Doubting the efficacy of the National Food Security Act the last government left the country with, Jaitley said the need of the hour was to implement the law in a cost-effective and efficient manner for ensuring real “Food Security”. “PDS as a vehicle to shield the poor from price rise has to be significantly improved. Some of the States have done extremely well in improving the delivery under PDS,” he said, encouraging the rest to “learn from them”. “We are committed to reviewing the successful PDS models and incorporate the best practices to revise the existing PDS, for benefitting the common man.”
A rallying point for activists in the past few years has been the imagery of foodgrains rotting for want of adequate and proper storage space. Conscious of the inefficiency of the current warehousing facilities, Jaitley said, “Restructuring FCI for greater efficiency in delivering food grains is also on the agenda. Decentralised procurement of food grains provides an alternative and more effective model for food grain administration… only some States have adopted decentralised procurement but many have not,” the minister said, visibly displeased with the performance of some States.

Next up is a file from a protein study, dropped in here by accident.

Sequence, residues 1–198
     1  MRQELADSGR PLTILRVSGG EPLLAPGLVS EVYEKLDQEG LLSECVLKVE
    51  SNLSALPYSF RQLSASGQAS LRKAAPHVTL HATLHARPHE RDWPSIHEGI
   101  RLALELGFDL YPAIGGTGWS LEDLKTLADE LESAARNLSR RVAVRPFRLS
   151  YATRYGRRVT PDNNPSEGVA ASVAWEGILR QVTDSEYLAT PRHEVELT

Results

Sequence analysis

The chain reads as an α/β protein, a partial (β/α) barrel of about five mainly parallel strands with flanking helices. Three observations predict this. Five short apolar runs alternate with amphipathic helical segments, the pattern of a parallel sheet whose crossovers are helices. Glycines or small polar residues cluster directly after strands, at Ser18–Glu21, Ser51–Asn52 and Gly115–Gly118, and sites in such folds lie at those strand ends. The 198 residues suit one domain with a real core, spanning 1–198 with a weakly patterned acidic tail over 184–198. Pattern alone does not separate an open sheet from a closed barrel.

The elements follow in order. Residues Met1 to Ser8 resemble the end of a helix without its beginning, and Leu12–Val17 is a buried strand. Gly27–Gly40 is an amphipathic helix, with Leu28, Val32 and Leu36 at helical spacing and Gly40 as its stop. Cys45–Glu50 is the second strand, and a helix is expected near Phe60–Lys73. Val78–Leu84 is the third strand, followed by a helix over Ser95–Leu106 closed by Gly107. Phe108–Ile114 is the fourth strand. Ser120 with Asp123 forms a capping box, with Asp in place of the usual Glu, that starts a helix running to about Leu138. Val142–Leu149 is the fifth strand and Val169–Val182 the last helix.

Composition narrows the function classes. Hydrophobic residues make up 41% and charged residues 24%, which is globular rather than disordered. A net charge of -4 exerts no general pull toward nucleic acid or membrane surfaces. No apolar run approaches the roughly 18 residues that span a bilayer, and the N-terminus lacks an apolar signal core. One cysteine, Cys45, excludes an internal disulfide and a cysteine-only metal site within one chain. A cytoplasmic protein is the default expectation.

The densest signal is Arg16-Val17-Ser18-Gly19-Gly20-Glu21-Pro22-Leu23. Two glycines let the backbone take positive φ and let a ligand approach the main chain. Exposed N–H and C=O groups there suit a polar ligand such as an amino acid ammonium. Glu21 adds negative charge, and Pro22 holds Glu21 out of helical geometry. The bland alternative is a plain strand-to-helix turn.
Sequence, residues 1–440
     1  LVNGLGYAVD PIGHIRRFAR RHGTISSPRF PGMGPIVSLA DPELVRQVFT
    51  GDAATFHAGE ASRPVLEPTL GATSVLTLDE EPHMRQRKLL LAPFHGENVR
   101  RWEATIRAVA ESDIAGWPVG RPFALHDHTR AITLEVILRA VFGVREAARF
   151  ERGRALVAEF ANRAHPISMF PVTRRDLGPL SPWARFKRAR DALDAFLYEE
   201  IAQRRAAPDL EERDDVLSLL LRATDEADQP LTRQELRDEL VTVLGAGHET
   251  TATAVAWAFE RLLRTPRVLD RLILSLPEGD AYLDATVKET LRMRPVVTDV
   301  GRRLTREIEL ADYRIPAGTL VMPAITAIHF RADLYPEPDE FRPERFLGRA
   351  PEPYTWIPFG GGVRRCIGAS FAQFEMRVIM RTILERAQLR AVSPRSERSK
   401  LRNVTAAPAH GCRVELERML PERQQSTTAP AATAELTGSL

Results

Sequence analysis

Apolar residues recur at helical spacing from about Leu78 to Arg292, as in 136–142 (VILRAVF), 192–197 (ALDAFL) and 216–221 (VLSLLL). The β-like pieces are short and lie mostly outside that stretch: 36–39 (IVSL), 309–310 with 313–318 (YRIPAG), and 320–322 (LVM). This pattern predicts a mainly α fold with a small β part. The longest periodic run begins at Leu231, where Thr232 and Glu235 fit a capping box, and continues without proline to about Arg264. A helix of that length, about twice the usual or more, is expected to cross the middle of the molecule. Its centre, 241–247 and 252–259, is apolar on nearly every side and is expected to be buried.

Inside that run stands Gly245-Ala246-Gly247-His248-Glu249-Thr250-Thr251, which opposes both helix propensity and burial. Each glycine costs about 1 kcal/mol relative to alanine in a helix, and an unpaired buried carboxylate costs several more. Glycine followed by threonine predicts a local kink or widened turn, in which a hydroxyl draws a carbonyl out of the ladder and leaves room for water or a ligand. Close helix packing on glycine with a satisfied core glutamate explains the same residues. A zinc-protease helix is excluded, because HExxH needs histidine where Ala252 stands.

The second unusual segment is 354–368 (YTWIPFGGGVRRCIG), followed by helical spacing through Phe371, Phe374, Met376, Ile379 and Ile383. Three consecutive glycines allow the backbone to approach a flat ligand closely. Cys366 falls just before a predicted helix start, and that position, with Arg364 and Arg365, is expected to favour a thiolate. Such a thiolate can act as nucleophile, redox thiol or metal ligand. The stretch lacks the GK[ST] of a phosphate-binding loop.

Talking on behalf of the Union Government, Jaitley said, “We believe that growth can be revived through increased investment in the areas of Infrastructure. We have to think big and build an infrastructure which can cater to a growing population in coming years. Growth of infrastructure will also pull out sectors such as cement, steel and power etc from the current downturn and will lead to massive job creation. You will appreciate that this cannot be achieved alone by the Central Government without partnering with the States. Similar approach is also required to modernize our Industries. We should no longer remain a market for global industry rather we should become a global manufacturing hub.”